Photo credit: Getty/Johannes Gerhardus Swanepoel
Mismanagement of medical device software could leave such technology vulnerable to cyberattacks or downtime, putting patients at risk, according to the ECRI Institute.
The issue is one of 10 included on ECRI’s latest top health technology hazards list for 2017. Listed at No. 6, ECRI says management gaps could cause delays in identifying necessary updates, “including those that address safety concerns.”
Infusion pump errors due to overlooked safety steps topped ECRI’s list, with the organization saying that it continues to hear about instances of medical staff “unknowingly defeating” safety mechanisms in place or incorrectly programming such devices. The report notes that new “advanced safety features” of such tools have led to “implicit trust.”
"Technology safety can often be overlooked when hospital leaders are dealing with so many other issues," David Jamison, executive director of ECRI’s health devices group, says in a statement about the results. "As an independent medical device testing laboratory and investigator of technology-related incidents, we know what can go wrong and what steps hospitals can take to reduce patient harm related to specific technologies and processes."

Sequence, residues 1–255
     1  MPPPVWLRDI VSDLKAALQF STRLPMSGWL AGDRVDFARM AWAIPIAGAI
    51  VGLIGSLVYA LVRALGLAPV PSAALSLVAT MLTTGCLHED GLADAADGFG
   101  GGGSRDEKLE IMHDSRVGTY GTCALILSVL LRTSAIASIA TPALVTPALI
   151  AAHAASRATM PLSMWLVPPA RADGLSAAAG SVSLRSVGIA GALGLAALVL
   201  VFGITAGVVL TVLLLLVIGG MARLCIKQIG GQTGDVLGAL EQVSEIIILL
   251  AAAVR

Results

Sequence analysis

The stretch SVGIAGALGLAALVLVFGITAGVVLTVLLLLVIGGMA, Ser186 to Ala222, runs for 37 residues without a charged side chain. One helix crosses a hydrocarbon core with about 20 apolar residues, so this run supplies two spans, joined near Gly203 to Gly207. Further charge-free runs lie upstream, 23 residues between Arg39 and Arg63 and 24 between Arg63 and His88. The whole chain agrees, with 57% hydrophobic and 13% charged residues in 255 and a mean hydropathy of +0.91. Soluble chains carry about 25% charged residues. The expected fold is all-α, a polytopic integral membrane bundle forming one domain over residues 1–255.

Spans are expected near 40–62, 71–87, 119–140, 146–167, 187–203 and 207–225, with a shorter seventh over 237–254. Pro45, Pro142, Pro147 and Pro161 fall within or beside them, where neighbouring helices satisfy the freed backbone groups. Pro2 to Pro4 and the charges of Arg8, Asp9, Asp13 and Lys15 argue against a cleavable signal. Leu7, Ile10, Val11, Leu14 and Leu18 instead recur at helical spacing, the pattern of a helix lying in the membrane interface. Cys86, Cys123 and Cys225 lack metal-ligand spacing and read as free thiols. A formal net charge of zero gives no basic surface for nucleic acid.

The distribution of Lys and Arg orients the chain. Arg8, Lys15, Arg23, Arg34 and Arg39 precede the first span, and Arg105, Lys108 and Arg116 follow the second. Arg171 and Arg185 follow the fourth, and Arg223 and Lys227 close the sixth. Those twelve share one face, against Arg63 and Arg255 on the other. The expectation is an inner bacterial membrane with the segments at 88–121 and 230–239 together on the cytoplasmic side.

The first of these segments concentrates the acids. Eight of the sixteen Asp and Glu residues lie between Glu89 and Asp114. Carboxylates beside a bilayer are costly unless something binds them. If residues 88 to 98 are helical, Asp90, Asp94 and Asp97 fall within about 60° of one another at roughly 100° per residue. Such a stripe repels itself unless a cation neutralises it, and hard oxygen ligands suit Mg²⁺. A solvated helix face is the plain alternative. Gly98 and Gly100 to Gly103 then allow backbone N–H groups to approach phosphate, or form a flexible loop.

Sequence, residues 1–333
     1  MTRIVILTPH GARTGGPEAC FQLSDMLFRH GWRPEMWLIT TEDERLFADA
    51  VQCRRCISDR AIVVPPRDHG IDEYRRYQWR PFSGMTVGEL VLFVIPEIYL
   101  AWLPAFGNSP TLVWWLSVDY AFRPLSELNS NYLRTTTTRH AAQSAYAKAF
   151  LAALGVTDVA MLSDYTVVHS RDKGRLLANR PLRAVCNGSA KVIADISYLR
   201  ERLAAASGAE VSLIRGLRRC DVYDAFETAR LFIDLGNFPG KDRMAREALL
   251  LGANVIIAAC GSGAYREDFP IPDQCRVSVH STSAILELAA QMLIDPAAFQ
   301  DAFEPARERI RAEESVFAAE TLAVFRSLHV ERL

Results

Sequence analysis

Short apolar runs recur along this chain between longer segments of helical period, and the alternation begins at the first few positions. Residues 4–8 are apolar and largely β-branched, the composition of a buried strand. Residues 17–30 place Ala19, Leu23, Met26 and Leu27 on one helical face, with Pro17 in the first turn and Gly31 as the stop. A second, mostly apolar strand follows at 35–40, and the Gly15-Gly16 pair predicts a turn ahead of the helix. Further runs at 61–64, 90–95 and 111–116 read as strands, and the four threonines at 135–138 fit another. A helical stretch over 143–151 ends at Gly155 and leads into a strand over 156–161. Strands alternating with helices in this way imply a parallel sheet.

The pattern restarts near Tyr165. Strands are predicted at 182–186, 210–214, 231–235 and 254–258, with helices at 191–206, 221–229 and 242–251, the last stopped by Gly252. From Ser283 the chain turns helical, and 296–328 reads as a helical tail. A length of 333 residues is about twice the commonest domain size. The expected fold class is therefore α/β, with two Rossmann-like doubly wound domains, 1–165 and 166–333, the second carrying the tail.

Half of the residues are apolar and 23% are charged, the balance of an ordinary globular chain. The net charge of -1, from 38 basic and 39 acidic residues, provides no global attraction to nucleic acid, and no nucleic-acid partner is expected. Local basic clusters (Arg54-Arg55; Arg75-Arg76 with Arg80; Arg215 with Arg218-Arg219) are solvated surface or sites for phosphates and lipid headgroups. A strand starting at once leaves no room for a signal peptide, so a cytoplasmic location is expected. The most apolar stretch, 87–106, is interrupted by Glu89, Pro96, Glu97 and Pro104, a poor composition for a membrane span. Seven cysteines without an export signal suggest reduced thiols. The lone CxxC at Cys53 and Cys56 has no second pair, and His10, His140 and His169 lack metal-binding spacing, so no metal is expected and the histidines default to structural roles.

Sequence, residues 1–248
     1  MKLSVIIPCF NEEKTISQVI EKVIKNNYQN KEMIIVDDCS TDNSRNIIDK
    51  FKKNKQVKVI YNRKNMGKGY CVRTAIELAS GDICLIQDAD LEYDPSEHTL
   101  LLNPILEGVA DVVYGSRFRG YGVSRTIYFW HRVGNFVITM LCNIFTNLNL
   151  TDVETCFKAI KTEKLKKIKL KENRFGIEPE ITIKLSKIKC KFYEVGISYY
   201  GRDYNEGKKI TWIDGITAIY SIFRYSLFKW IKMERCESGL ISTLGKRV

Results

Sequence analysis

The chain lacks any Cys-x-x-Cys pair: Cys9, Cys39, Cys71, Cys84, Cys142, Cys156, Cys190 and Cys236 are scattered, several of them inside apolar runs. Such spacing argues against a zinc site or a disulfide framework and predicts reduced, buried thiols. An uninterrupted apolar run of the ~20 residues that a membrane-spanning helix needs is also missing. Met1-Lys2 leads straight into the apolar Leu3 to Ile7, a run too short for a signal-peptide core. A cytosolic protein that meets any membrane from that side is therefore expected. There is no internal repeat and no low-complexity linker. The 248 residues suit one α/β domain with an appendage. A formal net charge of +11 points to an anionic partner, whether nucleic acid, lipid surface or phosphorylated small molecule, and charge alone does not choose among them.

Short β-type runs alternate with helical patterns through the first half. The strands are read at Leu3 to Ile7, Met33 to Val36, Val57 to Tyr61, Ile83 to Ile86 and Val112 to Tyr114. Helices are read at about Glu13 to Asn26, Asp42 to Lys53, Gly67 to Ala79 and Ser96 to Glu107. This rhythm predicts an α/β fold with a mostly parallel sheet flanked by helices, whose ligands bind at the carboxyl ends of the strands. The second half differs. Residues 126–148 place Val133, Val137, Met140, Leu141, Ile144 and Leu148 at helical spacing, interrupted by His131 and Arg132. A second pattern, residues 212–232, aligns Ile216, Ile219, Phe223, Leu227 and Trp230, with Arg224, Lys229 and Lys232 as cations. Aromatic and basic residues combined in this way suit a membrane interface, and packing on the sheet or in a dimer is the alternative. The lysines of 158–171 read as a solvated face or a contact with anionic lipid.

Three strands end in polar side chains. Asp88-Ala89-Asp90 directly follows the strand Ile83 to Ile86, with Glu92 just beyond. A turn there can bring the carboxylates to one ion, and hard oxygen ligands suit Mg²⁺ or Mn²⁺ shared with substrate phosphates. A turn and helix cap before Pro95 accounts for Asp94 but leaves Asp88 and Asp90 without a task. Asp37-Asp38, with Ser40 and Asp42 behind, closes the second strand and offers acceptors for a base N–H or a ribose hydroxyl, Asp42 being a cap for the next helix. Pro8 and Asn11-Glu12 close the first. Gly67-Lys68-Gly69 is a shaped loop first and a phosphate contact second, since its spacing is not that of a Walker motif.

Other hazards highlighted on ECRI’s list include:
- Poor cleaning of reusable instruments, such as duodenoscopes, endoscopes and arthroscopic shavers (No. 2)
- Missed ventilator alarms caused by alarm fatigue or notification failures (No. 3)
- Occupational radiation hazards in hybrid operating rooms (No. 7)
Inadequate cleaning of medical devices topped ECRI’s list of health technology hazards last year. Alarm fatigue ranked second in 2016, and prior to that was No. 1 for four consecutive years.
“All the items on our list represent problems that can be avoided or risks that can be minimized through the careful management of technologies,” the report’s authors note.